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This briefing note is only intended as a general statement of the law and no action should be taken in reliance on it without specific legal advice.

Luxury goods, selective distribution and third party platforms
 Briefing 
Author
Andrij Jurkiw, Nina O'Sullivan and Lewis Cohen
Date
28 July 2017

Luxury goods, selective distribution and third party platforms

Advocate General Wahl has issued his Opinion in the Coty case that a supplier of luxury goods can prevent goods which qualify for selective distribution from being sold via third party platforms such as Amazon.

We will report on the European Court of Justice's (CJEU) decision in due course. In the meantime, the Advocate General's Opinion leaves open the key question as to whether it would be unreasonable for a supplier of luxury goods to prevent sales of its products via third platforms where those third party platforms complied with the relevant criteria imposed by the luxury supplier for the presentation of those products on the internet (this is a set of circumstances that may require an individual assessment by a Competition Regulator).

The Coty case comes at an interesting time given the Commission's sector inquiry into e-commerce and its Final Report (discussed in our recent bulletin) which considered, amongst other practices, absolute marketplace (platform) bans. The inquiry showed a 'rather scattered picture' with more than 90% of respondent retailers using their own online shop when selling online, but with the use of marketplaces increasing and playing a particularly important role in Member States such as Germany, the UK and Poland. Some 18% of retailers reported having clauses in their agreements with suppliers restricting marketplace sales ranging from absolute bans to bans against selling on marketplaces that do not fulfil certain quality criteria.

The Commission concluded in its Report that the importance of marketplaces as a sales channel varies significantly depending upon a number of factors. It said marketplace bans should not be considered as hardcore restrictions but they were not necessarily compatible with EU competition rules. They could therefore be subject to intervention by the Commission or a national competition authority when justified by the market situation.

A further question, which should be determined once and for all by the CJEU (but does not arise in this case), is whether selling the luxury products for less than the recommended selling price affects the luxury character and image of the products. We will report on the CJEU's decision in due course.

Background

Coty is a leading supplier of luxury cosmetics in Germany, selling certain brands via a selective distribution network. In March 2012, Coty revised its selective distribution network contracts and included a condition that authorised retailers were "prohibited from collaborating with third parties [which were unauthorised] if such collaboration is directed at the operation of the website and is effected in a manner that is discernible to the public".

One of Coty's authorised retailers, Parfümerie Akzente, refused to agree the amendments. Coty sought an order from the German courts preventing Parfümerie Akzente from selling its cosmetics via amazon.de. The Frankfurt Higher Regional Court referred a number of questions to the CJEU concerning selective distribution networks and the legitimacy of the clause preventing authorised retailers from selling via third party sites such as Amazon.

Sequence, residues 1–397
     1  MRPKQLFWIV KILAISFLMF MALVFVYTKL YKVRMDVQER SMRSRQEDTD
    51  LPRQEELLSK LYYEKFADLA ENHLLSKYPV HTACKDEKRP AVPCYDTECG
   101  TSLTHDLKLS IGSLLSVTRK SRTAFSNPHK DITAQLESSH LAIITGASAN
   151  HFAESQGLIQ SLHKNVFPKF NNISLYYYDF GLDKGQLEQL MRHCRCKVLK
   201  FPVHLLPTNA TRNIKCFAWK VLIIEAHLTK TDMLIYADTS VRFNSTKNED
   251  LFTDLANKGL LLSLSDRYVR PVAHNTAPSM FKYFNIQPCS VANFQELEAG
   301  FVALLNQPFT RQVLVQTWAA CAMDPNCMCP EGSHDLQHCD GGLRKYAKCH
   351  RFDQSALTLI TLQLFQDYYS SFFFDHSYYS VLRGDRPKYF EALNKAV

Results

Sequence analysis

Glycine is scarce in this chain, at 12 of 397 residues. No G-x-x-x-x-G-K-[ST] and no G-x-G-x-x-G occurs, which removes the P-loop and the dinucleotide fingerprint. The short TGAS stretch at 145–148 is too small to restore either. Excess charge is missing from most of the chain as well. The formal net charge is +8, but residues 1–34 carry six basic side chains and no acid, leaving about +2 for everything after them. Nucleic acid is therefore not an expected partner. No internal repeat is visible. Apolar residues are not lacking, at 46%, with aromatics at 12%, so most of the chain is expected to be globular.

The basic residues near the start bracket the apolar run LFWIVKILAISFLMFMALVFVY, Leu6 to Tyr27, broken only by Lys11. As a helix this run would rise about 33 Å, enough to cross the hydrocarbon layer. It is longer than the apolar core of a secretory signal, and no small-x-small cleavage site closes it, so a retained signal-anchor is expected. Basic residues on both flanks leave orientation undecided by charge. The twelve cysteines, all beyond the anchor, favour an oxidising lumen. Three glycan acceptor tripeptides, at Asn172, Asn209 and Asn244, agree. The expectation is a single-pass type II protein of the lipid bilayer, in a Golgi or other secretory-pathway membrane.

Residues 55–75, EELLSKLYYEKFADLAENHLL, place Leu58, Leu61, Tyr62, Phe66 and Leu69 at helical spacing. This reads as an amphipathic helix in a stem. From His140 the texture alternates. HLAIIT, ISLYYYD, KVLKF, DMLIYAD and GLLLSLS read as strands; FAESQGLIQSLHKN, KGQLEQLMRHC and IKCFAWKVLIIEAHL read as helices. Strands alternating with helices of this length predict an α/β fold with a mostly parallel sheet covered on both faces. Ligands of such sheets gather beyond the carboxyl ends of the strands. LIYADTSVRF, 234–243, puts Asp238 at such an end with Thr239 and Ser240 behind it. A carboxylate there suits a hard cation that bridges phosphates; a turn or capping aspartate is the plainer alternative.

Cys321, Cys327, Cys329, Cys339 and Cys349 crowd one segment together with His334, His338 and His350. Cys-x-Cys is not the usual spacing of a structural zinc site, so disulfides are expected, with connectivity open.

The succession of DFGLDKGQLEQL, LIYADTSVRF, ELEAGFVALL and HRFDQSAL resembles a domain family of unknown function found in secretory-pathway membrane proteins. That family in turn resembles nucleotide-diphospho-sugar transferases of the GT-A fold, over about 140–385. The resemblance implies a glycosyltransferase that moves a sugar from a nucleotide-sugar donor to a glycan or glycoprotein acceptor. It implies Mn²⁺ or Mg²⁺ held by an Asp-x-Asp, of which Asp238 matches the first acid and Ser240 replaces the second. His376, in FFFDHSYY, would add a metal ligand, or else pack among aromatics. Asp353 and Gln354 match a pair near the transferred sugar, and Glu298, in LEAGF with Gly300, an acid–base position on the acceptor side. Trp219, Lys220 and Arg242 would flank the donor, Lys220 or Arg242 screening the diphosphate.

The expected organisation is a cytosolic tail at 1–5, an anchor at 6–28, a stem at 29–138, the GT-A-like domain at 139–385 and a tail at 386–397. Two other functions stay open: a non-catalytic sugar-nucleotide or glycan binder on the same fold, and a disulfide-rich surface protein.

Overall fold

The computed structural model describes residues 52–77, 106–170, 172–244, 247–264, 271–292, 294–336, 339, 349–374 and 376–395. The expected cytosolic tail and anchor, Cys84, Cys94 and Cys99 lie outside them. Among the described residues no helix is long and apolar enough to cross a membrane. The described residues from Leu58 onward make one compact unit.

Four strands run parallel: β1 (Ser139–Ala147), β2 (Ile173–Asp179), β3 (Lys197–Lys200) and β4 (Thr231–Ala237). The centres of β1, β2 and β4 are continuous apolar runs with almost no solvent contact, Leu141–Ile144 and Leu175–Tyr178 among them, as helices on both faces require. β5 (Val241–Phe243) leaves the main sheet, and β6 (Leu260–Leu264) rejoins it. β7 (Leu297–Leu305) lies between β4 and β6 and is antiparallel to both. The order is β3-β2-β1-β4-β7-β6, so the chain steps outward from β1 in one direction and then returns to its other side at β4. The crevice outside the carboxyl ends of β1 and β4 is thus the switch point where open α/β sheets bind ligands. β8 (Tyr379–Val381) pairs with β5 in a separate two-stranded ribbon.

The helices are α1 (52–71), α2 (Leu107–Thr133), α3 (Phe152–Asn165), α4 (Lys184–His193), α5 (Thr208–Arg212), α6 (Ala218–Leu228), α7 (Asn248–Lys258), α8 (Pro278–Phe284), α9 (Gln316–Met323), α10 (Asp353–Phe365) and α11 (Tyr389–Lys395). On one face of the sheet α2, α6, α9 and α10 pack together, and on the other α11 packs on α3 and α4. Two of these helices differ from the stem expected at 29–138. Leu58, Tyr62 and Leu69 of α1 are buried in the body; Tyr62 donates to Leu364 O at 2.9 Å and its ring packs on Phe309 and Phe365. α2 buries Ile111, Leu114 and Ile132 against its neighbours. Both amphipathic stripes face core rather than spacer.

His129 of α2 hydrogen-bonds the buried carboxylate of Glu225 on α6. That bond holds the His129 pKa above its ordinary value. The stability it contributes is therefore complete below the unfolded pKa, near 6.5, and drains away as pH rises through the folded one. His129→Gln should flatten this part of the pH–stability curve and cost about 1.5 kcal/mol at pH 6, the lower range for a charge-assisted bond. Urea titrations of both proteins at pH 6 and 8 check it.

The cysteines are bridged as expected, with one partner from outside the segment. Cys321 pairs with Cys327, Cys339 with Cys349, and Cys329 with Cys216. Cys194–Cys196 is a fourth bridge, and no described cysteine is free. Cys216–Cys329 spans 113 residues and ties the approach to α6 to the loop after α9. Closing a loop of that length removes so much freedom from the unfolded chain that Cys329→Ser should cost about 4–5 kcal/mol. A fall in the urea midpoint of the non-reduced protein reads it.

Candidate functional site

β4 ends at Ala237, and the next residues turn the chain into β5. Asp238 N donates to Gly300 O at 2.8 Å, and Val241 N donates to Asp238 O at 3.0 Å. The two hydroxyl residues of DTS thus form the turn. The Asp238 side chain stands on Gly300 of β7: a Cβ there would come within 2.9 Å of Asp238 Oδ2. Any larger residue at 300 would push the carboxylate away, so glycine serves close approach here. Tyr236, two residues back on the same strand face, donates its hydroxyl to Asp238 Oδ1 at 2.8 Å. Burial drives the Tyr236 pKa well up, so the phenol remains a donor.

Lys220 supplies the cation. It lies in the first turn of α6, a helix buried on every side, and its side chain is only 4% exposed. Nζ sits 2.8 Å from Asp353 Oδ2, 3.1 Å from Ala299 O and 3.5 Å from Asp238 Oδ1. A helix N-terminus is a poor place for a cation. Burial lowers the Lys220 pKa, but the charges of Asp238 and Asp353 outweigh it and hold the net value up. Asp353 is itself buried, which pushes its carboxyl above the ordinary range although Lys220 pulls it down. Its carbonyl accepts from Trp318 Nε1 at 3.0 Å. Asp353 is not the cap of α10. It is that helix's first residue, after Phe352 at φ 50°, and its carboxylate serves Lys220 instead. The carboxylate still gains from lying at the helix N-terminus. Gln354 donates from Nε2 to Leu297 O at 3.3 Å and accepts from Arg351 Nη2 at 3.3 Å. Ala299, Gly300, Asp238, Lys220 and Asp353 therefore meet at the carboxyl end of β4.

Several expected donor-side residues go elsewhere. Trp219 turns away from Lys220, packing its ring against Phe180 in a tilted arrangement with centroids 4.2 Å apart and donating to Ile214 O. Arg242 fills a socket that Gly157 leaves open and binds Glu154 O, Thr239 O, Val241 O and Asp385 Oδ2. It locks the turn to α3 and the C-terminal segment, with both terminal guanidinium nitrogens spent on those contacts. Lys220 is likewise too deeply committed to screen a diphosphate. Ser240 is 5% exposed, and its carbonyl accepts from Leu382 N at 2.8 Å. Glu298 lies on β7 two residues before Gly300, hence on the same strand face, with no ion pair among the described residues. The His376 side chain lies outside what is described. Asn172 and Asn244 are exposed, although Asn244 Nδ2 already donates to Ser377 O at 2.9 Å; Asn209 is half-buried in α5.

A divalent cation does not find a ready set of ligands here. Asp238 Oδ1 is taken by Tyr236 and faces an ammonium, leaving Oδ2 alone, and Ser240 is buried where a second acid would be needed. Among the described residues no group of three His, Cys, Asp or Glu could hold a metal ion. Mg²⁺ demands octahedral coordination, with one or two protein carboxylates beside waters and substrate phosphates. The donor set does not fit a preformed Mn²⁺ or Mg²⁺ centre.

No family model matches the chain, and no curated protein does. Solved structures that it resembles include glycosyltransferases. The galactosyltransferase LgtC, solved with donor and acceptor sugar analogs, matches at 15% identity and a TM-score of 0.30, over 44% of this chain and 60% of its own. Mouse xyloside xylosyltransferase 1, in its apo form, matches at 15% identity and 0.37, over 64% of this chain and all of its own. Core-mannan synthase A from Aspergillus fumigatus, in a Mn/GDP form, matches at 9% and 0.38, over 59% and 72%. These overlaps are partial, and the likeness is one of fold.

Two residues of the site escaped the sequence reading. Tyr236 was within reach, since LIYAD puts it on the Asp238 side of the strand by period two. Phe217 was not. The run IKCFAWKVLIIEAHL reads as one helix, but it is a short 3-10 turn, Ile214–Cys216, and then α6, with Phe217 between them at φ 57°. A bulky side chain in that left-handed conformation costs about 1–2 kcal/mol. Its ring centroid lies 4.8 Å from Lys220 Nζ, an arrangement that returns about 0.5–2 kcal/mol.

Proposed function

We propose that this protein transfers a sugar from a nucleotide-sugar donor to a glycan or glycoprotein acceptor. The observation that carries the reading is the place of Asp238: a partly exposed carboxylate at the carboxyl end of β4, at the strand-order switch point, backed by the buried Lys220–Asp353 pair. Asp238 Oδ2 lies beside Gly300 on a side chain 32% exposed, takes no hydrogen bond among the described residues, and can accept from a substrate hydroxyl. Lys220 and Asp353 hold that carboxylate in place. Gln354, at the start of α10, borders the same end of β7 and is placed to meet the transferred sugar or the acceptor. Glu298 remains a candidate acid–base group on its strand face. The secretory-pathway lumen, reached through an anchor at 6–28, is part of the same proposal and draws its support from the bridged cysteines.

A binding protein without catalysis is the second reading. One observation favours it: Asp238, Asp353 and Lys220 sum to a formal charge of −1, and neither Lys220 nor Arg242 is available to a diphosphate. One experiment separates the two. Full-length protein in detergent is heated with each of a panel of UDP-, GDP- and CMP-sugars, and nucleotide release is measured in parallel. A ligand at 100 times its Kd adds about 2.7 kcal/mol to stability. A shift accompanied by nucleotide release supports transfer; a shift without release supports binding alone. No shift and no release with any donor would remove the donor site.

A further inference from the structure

Opinion

Advocate General Wahl's Opinion makes the following points.

First, selective distribution networks are permitted where they follow the long established criteria for such networks, namely:

1.     The resellers are chosen on the basis of objective criteria of a qualitative nature which are determined uniformly for all and applied in a non-discriminatory manner for all potential resellers;

2.     The nature of the product in question, including the prestige image, requires selective distribution in order to preserve the quality of the product and to ensure that it is correctly used; and

3.     The criteria established do not go beyond what is necessary.

Secondly, at this stage of development of online selling, a supplier of luxury goods is permitted to insist that goods which qualify for selective distribution are not sold via third party platforms. The key factor appears to be the preservation of the luxury character of the goods, by improving the quality and image of the products concerned. In that regard, the supplier of the luxury goods can insist that its goods are presented on the internet in a particular way, provided that such criteria are applied without distinction across its selective distribution network and the criteria go no further than is necessary (these would be issues for the German court to determine).

The requirement that the criteria must go no further than is necessary is always going to be the tricky one to determine effectively. In this case, the Advocate General's Opinion is that the particular restriction on sales via third party platforms is likely to improve competition based on qualitative criteria: first, it ensures that the products are sold in an environment meeting the qualitative requirements imposed by the supplier, and second it assists in guarding against 'parasitism' by ensuring that the investment and effort made by the supplier and its authorised distributors to improve the quality and image of their products does not benefit other undertakings. Further, the particular restriction in this case is not an outright ban on online sales, as authorised distributors remain able to distribute the goods via their own sites (and to make use of third party platforms in a non-discernible manner).

The CJEU's judgment in this case and the subsequent application of it by the German Court is awaited with eager anticipation.